“Hip-hop is a canon. It’s only 50 years old and it belongs in museums,” Asma Naeem, director at the Baltimore Museum of Art told Artnet News. “It doesn’t just belong in temporary exhibitions; it belongs in the permanent collections of museums.”
To coincide with the 50th anniversary of a genre born in the Bronx at a birthday party hosted by DJ Kool Herc, the institution is presenting its first hip-hop-themed exhibition, titled “The Culture: Hip-Hop & Contemporary Art in the 21st Century,” to consider how the form has shaped all manner of cultural production. The show, which opens today, is not alone in commemorating the movement’s 50th year—Fotografiska and the Museum at FIT are also doing so—but it’s one that’s weaving the overarching culture with works of art in a collage of consequential objects and imagery.
One of the exhibition’s goals, set by Naeem and her team of curators including Gamynne Guillotte, is to dismantle the divide between hip-hop and high art. As Guillotte said in her opening statement before a preview tour of the gallery: “The separation between street and gallery is a fallacy,” with perhaps an unintentional rhyme recalling the wordplay of Biggie Smalls, the rapper who inspired a piece by Mark Bradford draped behind her.
Titled (2002), Bradford’s piece, which is made of gauze “endpapers” used to curl hair, form an abstract rendering of the Brooklyn M.C. in the first section of the exhibition. Within this same room, described by Guillotte as a “tasting menu” of the sections to come, there is also Baltimore transplant Zéh Palito’s hot pink double portrait, (2022), a 1983 Basquiat canvas dedicated to jazz musician Charlie Parker, and a Dapper Dan down jacket from 2018.
This collage of styles offers a positive response to a text-based work by New York artist Shirt, installed in the following section of the exhibition centered on Language, which reads in bold black letters, “CAN A RAP SONG HAVE THE SIGNIFICANCE OF ART.” It’s a statement, less a question, that bears out the exhibition’s thesis, but also emphasizes the timeless messaging that runs throughout hip-hop.
Across its elements, hip-hop has always been a way for Black artists in particular to express the grind of systemic oppression, with rap and fashion offering aspirational counterpoints to reclaim painful narratives and history. The Adornment section of the exhibition offers such a juxtaposition of trauma and beauty.
We see Robert Pruitt’s arrangement of gold chains mirroring the passageways of the transatlantic slave trade, Hank Willis Thomas’s (2006) gold grills, and Deanna Lawson’s portrait of two men with bold African facial jewelry next to a snapshot of George Washington’s rotting dentures. Naeem described such fashions as a “graspable language” to translate hip-hop’s cultural messaging to a far-reaching audience.
Baltimore sculptor Murjoni Merriweather and her hair braid-crafted sculpture (2022) are also included to center a more personal perspective. “The section is a lot about adornment and I feel like it caters to the purposes of my piece, but also to myself, as a person,” the artist explained. “With hair, we use it in a way to adorn ourselves, to make ourselves feel proud.”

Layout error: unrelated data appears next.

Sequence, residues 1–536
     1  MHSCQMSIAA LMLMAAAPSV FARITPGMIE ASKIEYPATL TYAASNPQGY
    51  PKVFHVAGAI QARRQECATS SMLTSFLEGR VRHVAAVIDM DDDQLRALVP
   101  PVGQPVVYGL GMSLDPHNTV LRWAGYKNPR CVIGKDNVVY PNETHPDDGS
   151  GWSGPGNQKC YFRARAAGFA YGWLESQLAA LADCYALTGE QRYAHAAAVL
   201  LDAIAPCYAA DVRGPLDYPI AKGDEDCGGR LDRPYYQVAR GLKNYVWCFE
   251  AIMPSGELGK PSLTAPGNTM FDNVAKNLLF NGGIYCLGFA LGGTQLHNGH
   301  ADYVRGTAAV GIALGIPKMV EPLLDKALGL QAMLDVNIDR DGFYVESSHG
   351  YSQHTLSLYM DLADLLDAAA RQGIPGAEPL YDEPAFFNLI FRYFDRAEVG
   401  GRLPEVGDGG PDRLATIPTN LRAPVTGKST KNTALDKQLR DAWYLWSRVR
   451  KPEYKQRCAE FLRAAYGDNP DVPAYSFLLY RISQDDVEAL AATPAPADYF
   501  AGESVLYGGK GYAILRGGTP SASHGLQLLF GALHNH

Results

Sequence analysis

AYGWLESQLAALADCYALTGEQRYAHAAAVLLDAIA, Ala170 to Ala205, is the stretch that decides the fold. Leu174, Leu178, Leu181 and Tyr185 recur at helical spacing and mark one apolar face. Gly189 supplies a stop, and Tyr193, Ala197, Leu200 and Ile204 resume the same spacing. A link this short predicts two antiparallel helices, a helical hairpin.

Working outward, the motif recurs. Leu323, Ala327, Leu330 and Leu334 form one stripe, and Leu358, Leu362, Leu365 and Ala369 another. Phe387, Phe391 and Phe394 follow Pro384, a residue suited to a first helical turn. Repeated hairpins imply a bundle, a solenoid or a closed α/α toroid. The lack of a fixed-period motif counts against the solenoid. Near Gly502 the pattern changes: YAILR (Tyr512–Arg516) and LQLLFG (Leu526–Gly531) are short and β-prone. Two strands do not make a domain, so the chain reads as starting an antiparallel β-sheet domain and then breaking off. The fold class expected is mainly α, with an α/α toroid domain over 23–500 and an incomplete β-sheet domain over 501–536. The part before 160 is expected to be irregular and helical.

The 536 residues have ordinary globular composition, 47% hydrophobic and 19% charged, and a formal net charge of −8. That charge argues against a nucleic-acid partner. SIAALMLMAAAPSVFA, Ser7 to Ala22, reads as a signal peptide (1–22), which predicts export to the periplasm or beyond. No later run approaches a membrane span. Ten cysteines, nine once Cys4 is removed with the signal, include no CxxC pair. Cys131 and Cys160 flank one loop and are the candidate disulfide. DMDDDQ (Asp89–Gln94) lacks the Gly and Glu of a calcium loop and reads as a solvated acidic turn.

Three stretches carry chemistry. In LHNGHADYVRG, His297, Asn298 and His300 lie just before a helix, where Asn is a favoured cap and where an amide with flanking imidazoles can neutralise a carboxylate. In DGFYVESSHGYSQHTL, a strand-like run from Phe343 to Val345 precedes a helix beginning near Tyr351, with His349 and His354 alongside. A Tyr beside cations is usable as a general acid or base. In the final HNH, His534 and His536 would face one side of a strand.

Hip-hop fashion has also had a terrific commercial appeal, as explored in the Brand section of the exhibition. The gallery opens on a graffiti panel, directly contrasting it with an encased Travis Scott Air Jordan 1 and a Cross Colours denim bucket hat—spotlighting how a criminal act of vandalism has, over the decades, helped birth a commodified culture.
There is even a display of Pharrell Williams’s now-legendary Buffalo Hat (debuted at the Grammys in 2014), which was originally designed by Vivienne Westwood and inspired by Malcolm McLaren’s 1983 Duck Rock album. The curators had to borrow the hat from the fast food brand Arby’s, which recently purchased the hat at auction.
“It’s always been multidisciplinary and it’s always been about the hustle,” said Guillotte about hip-hop. “So it finds a very natural allegiance with the idea of commerce.”
Naeem’s favorite section, Tribute, adds to this conversation between generations with an homage to Tupac Shakur, who elevated gangsta rap into a veritable art form. The most stirring of three pieces dedicated to the late rapper here is Alvaro Barrington’s aluminum and cardboard hessian spelling Shakur’s potent lyric, “They got money for war but can’t feed the poor,” in yarn.
“Hip-hop is about youth. But how that gap between youth and respect for the previous generations constantly jumps and collides all happens in this section,” said Naeem, who added that Tribute remains her favorite gallery of the exhibition. “I just love Tupac.”
“The Culture” wraps with two rooms, themed Ascension and Pose, that each hold pieces exploring hip hop’s complex relationship with grief and the afterlife (the genre, unfortunately, continues to see many early deaths). Here, John Edmonds’s white-on-white silk print and Baltimore’s own Ernest Shaw Jr.’s dazzling portrait, I Had A Dream I Could Buy My Way To Heaven (2022), encapsulate both the gains and the losses across hip-hop culture.
The exhibit itself extends, intentionally, into the BMA’s contemporary art wing. In the midst of this crossover hangs Devan Shimoyama’s sculpture, made of Timberland boots, rhinestones, silk flowers, epoxy resin, and coated wire. A showstopper. This blend of street accoutrements and gallery-tier fabrics evokes a beauty that encompasses the street. “Hip-hop conveys different kinds of beauty—other forms of beauty that belong side by side with the Western canon,” said Naeem.
“These worlds have always been in dialogue,” Guillotte added about the coexistence of hip-hop, fashion, and art. “That’s enormously important because there’s power in that. It serves somebody to assume that there is this thing that we call ‘the street’ and there is this thing that we call ‘the gallery.’ How scary would it be if there wasn’t?”